- where there is clear intention to be contractually bound
- to correct ongoing damage to a member’s reputation
- where decision affects property rights of the member
- to prevent an unreasonable restraint of trade
- for other policy reasons.
Even if the organisation’s dispute resolution process can be seen as contractual, a court will not look at the merits of the tribunal’s decision (i.e. whether the tribunal made the notionally correct decision after they had heard all the evidence). Courts, however, may get involved if it can be shown that there has been a denial of natural justice where it was required in the decision process. This requirement for natural justice may be implied into the membership agreement between the parties or, in the case of sporting associations that are incorporated in Queensland, explicitly provided for under s 71 of the Associations Incorporation Act 1981 (Qld) where the member’s constitutional rights are at stake. Many sporting organisations choose to explicitly state that natural justice would be provided as part of their dispute resolution process, however, there may be considerable variation in how an organisation interprets that.
Denial of natural justice
The concept of natural justice can be somewhat fluid and satisfying it will depend upon the unique facts of each case. At a basic level, it requires a fair hearing including:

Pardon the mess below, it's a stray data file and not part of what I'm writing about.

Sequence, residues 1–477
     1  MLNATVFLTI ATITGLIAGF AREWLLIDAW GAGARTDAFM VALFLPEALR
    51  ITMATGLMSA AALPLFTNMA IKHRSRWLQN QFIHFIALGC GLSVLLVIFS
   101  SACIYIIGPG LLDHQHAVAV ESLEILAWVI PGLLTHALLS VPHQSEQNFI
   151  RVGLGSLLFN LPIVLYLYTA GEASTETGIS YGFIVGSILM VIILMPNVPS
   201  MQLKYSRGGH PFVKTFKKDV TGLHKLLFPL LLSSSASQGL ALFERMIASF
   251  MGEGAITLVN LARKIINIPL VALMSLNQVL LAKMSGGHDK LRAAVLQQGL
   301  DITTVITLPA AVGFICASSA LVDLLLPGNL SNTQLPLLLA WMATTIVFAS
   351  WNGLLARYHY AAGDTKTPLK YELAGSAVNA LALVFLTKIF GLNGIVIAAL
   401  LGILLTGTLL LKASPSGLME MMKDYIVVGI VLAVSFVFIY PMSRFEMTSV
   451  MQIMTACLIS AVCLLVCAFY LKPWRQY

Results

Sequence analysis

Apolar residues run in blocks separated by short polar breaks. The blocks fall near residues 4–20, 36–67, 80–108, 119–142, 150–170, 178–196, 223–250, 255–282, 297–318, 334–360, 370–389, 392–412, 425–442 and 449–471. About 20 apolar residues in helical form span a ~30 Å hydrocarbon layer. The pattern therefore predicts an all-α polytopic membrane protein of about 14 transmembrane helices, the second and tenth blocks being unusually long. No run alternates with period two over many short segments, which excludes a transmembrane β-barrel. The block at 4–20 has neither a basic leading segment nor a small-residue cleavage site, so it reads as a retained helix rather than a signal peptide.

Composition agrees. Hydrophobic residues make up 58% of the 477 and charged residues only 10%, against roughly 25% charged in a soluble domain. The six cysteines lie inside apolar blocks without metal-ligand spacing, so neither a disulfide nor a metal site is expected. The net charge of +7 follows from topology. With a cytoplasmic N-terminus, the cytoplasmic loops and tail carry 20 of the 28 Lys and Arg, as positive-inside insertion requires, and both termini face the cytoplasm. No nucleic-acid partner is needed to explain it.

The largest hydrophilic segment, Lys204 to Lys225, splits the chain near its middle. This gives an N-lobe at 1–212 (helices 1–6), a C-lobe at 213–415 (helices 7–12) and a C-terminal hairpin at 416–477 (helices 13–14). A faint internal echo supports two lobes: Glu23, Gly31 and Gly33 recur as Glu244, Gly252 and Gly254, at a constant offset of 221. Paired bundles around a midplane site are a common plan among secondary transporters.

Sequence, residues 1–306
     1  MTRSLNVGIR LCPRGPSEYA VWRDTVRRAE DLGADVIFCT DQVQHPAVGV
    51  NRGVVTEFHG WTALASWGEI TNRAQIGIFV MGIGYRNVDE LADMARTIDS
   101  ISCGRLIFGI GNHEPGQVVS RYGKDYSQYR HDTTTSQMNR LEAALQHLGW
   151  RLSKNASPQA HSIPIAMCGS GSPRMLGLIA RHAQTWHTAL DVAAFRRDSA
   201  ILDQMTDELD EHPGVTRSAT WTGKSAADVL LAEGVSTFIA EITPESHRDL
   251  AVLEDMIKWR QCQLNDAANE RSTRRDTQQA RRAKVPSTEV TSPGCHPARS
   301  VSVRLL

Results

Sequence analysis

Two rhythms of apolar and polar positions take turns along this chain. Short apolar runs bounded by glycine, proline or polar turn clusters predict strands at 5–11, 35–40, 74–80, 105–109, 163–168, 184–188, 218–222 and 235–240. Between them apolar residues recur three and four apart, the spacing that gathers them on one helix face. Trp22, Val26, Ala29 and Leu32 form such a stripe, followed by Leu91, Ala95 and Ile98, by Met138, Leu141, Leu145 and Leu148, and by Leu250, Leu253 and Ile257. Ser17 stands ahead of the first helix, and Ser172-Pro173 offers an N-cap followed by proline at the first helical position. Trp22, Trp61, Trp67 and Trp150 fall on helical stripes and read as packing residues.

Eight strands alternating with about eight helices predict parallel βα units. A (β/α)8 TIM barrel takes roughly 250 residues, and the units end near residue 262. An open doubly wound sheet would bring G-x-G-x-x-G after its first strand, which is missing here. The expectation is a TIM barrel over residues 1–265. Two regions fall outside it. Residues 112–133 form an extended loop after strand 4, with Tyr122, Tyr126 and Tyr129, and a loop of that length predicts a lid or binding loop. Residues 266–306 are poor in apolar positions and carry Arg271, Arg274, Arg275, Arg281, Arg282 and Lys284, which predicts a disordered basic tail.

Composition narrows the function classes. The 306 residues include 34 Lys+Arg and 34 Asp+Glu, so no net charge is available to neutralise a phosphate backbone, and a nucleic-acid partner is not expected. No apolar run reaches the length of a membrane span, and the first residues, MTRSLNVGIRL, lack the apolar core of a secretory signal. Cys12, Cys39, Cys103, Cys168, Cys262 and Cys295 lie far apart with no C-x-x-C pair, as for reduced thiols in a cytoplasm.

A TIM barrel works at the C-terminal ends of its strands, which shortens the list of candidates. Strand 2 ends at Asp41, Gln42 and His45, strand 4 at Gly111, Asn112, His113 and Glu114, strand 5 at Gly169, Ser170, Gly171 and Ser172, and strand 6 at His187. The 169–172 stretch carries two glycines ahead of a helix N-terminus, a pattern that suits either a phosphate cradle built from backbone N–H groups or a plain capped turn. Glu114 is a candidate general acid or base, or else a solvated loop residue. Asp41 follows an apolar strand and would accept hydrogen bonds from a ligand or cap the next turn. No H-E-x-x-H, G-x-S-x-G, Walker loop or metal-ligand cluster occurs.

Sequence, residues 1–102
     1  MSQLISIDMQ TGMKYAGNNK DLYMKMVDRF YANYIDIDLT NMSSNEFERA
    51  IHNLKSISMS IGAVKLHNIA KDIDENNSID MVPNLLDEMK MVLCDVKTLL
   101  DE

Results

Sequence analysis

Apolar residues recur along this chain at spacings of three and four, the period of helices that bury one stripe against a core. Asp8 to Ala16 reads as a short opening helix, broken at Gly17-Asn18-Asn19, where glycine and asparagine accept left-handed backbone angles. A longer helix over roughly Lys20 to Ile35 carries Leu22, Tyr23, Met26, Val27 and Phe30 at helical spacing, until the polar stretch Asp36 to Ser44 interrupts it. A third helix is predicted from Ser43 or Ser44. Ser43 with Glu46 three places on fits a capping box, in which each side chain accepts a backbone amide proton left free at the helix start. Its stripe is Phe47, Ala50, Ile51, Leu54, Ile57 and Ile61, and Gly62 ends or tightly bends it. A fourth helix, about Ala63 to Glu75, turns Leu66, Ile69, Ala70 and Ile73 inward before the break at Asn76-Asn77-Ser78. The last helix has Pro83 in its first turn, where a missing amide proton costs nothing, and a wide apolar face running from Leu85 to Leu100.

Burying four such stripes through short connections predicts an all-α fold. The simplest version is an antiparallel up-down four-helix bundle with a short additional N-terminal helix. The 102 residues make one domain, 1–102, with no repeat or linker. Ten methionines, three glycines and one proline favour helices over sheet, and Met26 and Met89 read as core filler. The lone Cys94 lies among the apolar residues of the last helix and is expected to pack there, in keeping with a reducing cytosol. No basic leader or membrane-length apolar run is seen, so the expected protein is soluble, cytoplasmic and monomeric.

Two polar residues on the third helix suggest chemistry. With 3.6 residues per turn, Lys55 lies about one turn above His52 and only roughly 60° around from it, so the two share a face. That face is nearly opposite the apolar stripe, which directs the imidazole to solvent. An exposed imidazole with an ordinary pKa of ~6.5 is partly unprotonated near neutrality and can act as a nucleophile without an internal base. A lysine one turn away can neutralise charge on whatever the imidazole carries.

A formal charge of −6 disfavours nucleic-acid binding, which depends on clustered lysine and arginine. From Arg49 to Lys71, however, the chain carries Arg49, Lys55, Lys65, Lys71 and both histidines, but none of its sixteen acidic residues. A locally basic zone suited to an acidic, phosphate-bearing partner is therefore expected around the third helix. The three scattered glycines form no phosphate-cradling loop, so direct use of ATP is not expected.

- notice of the tribunal hearing date, time and place
- notice of the alleged breaches in as much specific detail as possible
- the right to appear, produce evidence and have it considered by the tribunal
- the right to not face duplicitous (i.e. multiple overlapping) charges
- the right to be heard separately on the question of penalties (see South Melbourne Football Club Ltd v Football Federation Victoria Inc  VSC 355).
It also requires an honest verdict where the tribunal must:
- come to its decision honestly and without actual bias
- make a bona fide decision in the association’s interests and not for some other purpose.
It is important to note that the concept of bias in a sporting tribunal sense will be more limited than its application to a court. A judge in court must avoid any reasonable apprehension of bias, however, a domestic tribunal will often not be able to meet such a standard. This is because the tribunal members may already have some knowledge of the incident leading to the hearing, or may have been involved in its investigation, especially in smaller associations. Provided there is no actual bias in the decision, this should usually satisfy natural justice requirements. Situations where bias has been proved include where the tribunal member has a financial interest in the decision to be made, and where a tribunal has prejudged a matter and published that prejudgment (Stollery v Greyhound Racing Control Board (1972) 128 CLR 509).
While the same rules of evidence used in courts do not apply to a tribunal, it is still important that the decision be made honestly. This means that a tribunal should not base its decision on evidence that is clearly unreliable.
Note, too, that it is not a mandatory requirement of natural justice for a member to be allowed legal (or other) representation in a tribunal hearing. However, should a member ask for such, particularly when facing a serious charge or when under a particular disadvantage, it may be prudent for the sporting association to allow representation in order to show that the accused was afforded every possible fairness.